In October of 1896, George Jessop, Sr. and nine other men from the community formed the Marble Hill Fire Department.  The nearest fire station at the time was in Towson, seven miles away, which had opened its doors in 1882.  Seven miles was too far to be helpful, so Mr. Jessop and his neighbors used a carriage house on the corner of York and Shawan Road that belonged to Mr. Abram Ensor.  The initial fire department consisted of twelve volunteers and a 20-gallon tank mounted on three wheels and pulled by hand.

The department upgraded to a horse drawn ladder truck with a and operated pump in 1898, which was more effective than the hand drawn cart in the hills and valleys of Cockeysville.  It was too large to fit into Mr. Ensors carriage house, so the company’s Captain at the time, Mr. Jacob Fowble, offered to sell his carpentry shop on the corner of York and Ashland to the fire department.

By 1900, Cockeysville’s growth had outstripped the abilities of the horse drawn ladder truck, and the Baltimore County Commissioners offered to loan the department a larger horse drawn engine.  The horse drawn engine was too large for the carpentry shop obtained in 1898, so once again the department was forced to look for a new fire station.  A building in front of the carpentry shop became available, and each member of the fire department contributed $100.00 to obtain the building.  The department moved into this location in 1900 and remained there until 1928.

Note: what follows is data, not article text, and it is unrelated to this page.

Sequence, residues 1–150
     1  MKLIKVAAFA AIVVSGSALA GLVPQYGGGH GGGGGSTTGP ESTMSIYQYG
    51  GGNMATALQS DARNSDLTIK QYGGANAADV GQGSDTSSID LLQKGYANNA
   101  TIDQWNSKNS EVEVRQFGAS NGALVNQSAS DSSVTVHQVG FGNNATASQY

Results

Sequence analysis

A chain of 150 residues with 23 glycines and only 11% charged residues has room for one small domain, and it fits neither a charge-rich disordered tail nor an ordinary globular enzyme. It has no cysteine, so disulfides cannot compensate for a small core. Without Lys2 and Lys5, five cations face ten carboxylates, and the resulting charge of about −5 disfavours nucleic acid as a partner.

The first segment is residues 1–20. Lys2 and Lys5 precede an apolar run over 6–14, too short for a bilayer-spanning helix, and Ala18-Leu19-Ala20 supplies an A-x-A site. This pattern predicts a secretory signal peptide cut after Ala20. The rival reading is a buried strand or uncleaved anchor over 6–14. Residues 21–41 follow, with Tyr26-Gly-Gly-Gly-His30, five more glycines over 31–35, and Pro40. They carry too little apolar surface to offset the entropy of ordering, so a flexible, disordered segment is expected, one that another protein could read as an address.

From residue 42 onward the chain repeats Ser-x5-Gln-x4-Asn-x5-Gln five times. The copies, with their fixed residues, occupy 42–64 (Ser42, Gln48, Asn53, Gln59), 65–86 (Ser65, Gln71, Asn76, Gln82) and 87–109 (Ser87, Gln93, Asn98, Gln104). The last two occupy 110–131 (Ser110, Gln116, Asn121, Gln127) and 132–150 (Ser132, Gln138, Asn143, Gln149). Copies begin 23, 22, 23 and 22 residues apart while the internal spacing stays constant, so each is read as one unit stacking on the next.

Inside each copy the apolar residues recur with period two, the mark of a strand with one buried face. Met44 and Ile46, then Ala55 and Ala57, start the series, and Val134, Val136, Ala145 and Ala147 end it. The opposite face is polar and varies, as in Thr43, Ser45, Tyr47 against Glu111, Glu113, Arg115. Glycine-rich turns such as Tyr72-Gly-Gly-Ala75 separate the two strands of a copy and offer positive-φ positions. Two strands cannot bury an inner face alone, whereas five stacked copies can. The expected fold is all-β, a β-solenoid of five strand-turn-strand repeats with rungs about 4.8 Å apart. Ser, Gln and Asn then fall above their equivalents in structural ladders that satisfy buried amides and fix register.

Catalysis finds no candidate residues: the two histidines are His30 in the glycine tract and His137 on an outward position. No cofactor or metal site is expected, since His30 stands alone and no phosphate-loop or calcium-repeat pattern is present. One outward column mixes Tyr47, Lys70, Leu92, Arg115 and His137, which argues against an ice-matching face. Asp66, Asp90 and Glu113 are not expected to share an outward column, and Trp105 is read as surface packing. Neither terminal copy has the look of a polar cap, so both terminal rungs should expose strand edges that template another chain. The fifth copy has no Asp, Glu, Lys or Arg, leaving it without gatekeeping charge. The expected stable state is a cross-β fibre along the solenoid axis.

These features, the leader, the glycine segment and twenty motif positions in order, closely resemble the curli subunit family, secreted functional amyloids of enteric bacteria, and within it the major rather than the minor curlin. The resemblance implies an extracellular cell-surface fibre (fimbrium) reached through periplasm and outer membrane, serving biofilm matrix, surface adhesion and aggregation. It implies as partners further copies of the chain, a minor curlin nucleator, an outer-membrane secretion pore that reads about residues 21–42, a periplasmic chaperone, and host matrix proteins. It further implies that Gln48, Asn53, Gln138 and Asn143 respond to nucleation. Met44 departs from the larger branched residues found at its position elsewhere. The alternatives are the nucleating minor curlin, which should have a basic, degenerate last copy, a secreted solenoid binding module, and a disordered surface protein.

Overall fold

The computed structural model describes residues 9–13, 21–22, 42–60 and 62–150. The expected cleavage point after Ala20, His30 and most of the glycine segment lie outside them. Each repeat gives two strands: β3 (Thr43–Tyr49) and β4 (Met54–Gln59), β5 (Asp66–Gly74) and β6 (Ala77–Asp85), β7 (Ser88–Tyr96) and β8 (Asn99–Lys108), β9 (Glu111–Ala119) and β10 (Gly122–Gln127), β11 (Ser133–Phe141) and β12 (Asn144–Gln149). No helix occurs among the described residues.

In 1914, the department obtained their first auto engine: a 400 HP motor driven fire truck.

In 1917, the department officially incorporated under the name Cockeysville Volunteer Fire Company and were well regarded in the community as effective and efficient.

In late 1927, the station caught fire.  It was then necessary to find yet another place to call home.  The company operated from the Reckord’s Motor Company showroom until the new station was built in 1928 on York Road.

In 1929, a Nash ambulance arrived at the Cockeysville Volunteer Fire Company, and was immediately placed in service.  It became the first volunteer fire company in the state of Maryland to provide free ambulance service to the community.

Over the years, the company upgraded its equipment several times, but did not move locations again until mid 1990.

The company then moved into a more modern facility at its current location.